BACKGROUND: The role of low-dose hydrocortisone in attenuating septic shock and reducing short-term mortality in adult patients with septic shock is unclear. We conducted a meta-analysis of previous studies to determine whether hydrocortisone could ameliorate the effects of septic shock at 7 and 28 days and reduce 28-day morality.
METHODS: Randomized controlled trials (RCTs) of corticosteroids versus placebo (or supportive treatment alone) were retrieved from electronic searches (Medline, Embase, and Cochrane Library databases; LILACS; and Web of Knowledge) and manual searches (up to May 2012). From a pool of 1949 potentially relevant articles, duplicate independent review identified 10 relevant, RCTs of low-dose hydrocortisone therapy in septic shock. Four pairs of reviewers agreed on the criteria for trial eligibility. One reviewer entered the data into the computer, and 3 reviewers checked the data. Missing data were obtained from the authors of the relevant trials. The primary outcome analyzed was an estimate of 28-day mortality.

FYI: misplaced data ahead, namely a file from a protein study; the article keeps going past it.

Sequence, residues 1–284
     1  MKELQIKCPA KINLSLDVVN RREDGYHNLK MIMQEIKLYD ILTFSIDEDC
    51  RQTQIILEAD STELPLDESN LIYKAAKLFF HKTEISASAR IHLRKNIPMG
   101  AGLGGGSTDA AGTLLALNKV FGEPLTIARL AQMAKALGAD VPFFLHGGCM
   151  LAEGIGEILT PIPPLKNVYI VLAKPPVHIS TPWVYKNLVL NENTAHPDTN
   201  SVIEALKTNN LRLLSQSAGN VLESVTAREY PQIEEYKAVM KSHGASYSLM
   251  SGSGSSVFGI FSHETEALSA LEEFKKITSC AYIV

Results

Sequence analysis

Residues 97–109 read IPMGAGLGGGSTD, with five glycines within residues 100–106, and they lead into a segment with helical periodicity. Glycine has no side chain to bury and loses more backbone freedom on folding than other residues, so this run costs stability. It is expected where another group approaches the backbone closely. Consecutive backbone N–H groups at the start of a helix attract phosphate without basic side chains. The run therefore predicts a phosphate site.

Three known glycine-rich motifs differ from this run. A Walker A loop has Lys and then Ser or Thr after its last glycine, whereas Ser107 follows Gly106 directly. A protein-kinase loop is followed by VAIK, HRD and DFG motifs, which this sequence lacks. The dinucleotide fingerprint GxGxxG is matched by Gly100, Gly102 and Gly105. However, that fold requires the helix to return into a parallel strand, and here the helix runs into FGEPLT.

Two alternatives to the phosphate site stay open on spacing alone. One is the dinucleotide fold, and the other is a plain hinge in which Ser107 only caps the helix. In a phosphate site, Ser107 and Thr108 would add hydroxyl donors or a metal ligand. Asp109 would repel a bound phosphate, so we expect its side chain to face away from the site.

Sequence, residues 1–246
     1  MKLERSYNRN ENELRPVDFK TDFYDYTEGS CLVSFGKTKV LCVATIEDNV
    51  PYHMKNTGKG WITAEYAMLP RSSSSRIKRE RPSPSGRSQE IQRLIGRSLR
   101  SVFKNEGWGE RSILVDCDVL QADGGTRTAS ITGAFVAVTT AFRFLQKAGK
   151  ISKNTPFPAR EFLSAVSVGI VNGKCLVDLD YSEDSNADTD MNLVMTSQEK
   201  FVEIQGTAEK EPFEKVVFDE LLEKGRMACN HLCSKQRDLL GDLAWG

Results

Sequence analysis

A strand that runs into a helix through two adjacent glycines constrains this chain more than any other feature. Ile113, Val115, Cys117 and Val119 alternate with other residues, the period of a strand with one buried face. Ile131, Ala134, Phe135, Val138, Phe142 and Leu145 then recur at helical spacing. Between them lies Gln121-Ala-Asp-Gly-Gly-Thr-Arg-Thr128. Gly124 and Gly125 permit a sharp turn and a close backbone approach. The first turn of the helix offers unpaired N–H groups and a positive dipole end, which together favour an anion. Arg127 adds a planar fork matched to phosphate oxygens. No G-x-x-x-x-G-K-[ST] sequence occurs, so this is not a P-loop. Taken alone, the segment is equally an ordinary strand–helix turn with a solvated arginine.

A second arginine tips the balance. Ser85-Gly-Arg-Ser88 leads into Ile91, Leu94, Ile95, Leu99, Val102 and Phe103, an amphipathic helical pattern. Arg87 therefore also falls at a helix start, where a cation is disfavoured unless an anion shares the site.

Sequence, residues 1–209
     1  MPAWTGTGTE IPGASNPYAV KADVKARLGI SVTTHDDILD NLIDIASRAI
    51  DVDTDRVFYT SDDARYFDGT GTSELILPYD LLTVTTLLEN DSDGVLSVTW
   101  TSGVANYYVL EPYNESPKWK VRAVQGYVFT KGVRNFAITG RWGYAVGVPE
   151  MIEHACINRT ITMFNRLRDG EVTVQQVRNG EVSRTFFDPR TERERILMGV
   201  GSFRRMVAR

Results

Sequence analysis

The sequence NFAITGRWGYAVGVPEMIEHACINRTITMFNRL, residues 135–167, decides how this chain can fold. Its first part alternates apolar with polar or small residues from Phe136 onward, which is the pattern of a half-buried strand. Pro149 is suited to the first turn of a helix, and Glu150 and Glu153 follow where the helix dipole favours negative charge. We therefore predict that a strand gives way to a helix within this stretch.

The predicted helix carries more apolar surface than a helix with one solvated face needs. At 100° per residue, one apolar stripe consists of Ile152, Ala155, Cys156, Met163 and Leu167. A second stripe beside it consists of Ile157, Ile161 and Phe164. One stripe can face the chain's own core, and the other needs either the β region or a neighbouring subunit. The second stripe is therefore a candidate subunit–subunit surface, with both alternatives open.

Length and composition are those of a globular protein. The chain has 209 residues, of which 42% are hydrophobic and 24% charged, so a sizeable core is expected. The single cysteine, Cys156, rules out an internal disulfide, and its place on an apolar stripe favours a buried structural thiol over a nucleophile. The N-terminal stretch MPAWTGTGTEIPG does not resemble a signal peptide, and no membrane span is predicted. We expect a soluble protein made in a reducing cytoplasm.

RESULTS: Eight publications were included in the meta-analysis. Low-dose hydrocortisone therapy did not reduce 28-day mortality (N = 1063; odds ratio (OR) = 0.891, 95% confidence interval (CI), 0.69–1.15). Low-dose hydrocortisone therapy ameliorated shock at 7 days (6 RCTs, N = 964, OR = 2.078, 95% CI, 1.58–2.73, P < 0.0001, and I2 = 26.9%) and 28 days (6 RCTs, N = 947, OR = 1.495, 95% CI, 1.12–1.99, P = 0.006, and I2 = 0.0%).
CONCLUSIONS: Although low-dose hydrocortisone therapy ameliorates septic shock at 7 and 28 days, it does not reduce 28-day mortality.